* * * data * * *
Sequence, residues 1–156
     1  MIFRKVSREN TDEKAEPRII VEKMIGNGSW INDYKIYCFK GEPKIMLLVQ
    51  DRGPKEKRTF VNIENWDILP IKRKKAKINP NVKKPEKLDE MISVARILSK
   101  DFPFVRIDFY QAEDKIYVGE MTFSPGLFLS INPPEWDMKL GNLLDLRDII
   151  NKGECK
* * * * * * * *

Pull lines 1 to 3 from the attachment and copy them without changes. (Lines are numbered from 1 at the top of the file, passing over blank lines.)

Sequence, residues 1–156
     1  MIFRKVSREN TDEKAEPRII VEKMIGNGSW INDYKIYCFK GEPKIMLLVQ
    51  DRGPKEKRTF VNIENWDILP IKRKKAKINP NVKKPEKLDE MISVARILSK